Tips for Converting Helicopters for Corporate Use

Helicopters are versatile by nature, making the same models attractive to more than one user-group. If you’re considering buying a pre-owned helicopter and converting its interior for corporate use, Dave Higdon shares some tips…

Dave Higdon  |  26th May 2021
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    Dave Higdon
    Dave Higdon

    Dave Higdon was a highly respected, NBAA Gold Wing award-winning aviation journalist who covered all...

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    Turbine helicopter parked on heliport in front of skyscrapers

    Aircraft lend themselves to fulfilling a variety of roles and missions. Sometimes this is achieved by simply changing the landing gear, while at other times a more comprehensive powerplant swap could be needed - such as when a helicopter is purchased from one mission field and placed in another...

    Then there are the occasions when the interior needs to be converted for the aircraft to fulfill a new mission. Helicopters once tasked with monitoring highway traffic may land the role of an aerial news-gathering platform, an airborne law-enforcement tool, or as VIP or Corporate transportation.

    Given the diversity of roles that helicopters fulfill around the world, there is much to be considered by buyers purchasing a helicopter that performed a role in one sector, to place it in service within another.

    The Drive Behind Conversion Demands

    Today's aircraft used in Helicopter Emergency Medical Services have evolved steadily into the highly equipped flying ambulances that ply our skies today.

    Of course, what makes the helicopter useful as an aerial ambulance also holds appeal for busy executives needing rapid transportation between offices, airports, or construction sites.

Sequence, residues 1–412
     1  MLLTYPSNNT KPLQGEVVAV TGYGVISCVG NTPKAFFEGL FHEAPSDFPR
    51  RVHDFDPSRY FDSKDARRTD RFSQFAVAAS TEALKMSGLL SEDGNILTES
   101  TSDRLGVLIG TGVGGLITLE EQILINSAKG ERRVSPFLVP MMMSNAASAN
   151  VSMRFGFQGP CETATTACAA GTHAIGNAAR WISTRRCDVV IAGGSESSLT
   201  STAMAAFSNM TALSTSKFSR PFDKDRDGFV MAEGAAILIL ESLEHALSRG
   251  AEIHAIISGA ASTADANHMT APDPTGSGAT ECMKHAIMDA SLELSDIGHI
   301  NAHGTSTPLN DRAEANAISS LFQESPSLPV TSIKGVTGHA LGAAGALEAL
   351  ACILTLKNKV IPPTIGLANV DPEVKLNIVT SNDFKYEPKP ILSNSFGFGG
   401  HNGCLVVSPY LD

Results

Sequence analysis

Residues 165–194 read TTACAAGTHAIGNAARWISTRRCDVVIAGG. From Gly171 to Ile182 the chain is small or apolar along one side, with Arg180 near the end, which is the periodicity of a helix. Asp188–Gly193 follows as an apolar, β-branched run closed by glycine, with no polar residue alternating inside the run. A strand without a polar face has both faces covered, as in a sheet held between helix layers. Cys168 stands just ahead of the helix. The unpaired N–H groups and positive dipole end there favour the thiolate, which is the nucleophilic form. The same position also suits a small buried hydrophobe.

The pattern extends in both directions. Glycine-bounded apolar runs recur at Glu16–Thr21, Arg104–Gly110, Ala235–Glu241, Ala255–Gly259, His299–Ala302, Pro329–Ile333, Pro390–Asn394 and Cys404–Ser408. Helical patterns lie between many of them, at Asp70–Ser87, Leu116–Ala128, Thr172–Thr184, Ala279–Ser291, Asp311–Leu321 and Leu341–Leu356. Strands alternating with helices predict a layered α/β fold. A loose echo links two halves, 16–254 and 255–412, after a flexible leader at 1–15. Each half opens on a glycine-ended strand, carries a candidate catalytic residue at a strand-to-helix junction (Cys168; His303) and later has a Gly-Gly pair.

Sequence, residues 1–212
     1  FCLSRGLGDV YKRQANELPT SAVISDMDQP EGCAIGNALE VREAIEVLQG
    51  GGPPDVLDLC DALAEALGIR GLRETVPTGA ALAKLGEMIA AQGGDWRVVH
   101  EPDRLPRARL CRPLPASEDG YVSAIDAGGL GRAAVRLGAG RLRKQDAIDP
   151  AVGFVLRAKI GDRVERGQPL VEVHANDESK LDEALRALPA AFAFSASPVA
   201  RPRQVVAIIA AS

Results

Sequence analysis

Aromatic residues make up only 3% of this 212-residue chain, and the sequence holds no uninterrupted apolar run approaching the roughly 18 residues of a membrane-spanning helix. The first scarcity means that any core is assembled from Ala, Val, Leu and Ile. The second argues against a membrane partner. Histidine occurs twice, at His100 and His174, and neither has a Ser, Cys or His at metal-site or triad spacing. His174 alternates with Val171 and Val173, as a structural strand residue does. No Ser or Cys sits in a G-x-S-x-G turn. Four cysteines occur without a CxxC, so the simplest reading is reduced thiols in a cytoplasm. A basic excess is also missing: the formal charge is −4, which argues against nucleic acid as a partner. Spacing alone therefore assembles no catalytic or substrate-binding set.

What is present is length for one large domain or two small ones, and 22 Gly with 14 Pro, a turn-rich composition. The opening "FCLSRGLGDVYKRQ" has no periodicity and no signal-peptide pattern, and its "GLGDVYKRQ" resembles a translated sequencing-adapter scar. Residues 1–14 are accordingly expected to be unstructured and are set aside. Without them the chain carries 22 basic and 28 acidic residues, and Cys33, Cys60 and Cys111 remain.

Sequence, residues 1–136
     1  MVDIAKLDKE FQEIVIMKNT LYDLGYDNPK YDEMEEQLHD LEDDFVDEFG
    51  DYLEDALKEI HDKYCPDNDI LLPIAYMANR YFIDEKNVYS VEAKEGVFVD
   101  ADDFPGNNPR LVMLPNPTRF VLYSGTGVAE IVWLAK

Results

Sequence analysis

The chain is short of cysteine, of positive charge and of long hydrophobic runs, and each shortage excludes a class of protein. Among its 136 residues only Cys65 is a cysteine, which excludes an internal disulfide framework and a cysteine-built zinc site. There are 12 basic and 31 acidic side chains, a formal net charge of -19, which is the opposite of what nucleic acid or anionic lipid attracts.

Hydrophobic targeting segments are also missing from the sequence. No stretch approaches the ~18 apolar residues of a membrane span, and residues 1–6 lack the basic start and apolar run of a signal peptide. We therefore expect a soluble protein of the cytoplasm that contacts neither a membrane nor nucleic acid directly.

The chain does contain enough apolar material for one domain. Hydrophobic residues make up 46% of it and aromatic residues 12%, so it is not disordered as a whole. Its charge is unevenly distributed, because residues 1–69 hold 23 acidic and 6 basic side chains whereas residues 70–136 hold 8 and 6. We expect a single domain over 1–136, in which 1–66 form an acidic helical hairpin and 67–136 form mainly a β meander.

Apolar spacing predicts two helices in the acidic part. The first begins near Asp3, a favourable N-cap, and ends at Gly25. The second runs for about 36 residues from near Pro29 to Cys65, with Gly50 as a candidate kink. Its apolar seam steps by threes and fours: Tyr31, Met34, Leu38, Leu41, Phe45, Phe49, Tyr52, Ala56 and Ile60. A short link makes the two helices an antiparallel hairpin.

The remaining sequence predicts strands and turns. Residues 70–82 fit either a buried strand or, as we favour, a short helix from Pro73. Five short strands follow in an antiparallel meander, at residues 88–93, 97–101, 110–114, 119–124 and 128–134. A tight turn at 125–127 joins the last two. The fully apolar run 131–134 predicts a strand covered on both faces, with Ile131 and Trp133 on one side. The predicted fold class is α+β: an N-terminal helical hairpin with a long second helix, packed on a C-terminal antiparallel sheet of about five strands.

Turbine helicopters offer quick transportation, while avoiding highway traffic complications in densely populated urban areas. Although the performance characteristics appeal to both sectors, however, the interior requirements are very different.

    Today, high-standing government officials, CEOs, business executives, and their families frequently travel in executive versions of these aircraft. And, VIP government aircraft not only require luxurious interiors, but the highest safety standards, state-of-the-art communications technology, and amenities.

    They also need ‘survivability equipment’, and (occasionally) the weapons systems of combat helicopters. Thus, helicopters designed for the military, such as the Sikorsky Black Hawk and the Sikorsky VH-92 (the current Marine One), have been transformed with VIP mission equipment.

    Selecting a Conversion Candidate

    More routinely, former offshore oil transportation helicopters, HEMS and news-gathering helicopters are purchased by corporate users, undergoing conversions in keeping with their new role.

    If you are considering purchasing a helicopter from another sector to place into corporate use, what should you keep in mind? Following are some tips collected from a selection of helicopter professionals.

    1) Payload: How Much Will it Need to Carry?

    Helicopter conversions for corporate roles can add significantly to the aircraft's empty weight. Without certification for a higher gross weight, the weight after the interior conversion may limit the finished aircraft’s ability to fulfill its mission.

    For this reason, corporate and VIP helicopters tend to offer higher gross take-off weights. After all, you may be able to fit a luxurious leather interior and enough sound insulation to make a light helicopter serve on flights between offices and airports, but that same aircraft might not have enough capacity to then add in-flight connectivity equipment, and other accouterments that are necessary for the corporate user.

    So, first would-be helicopter owners should consider the gross take-off weight, and work with the interior shop to establish whether the candidate aircraft offers the required capability to fulfill the mission at its post-conversion weight.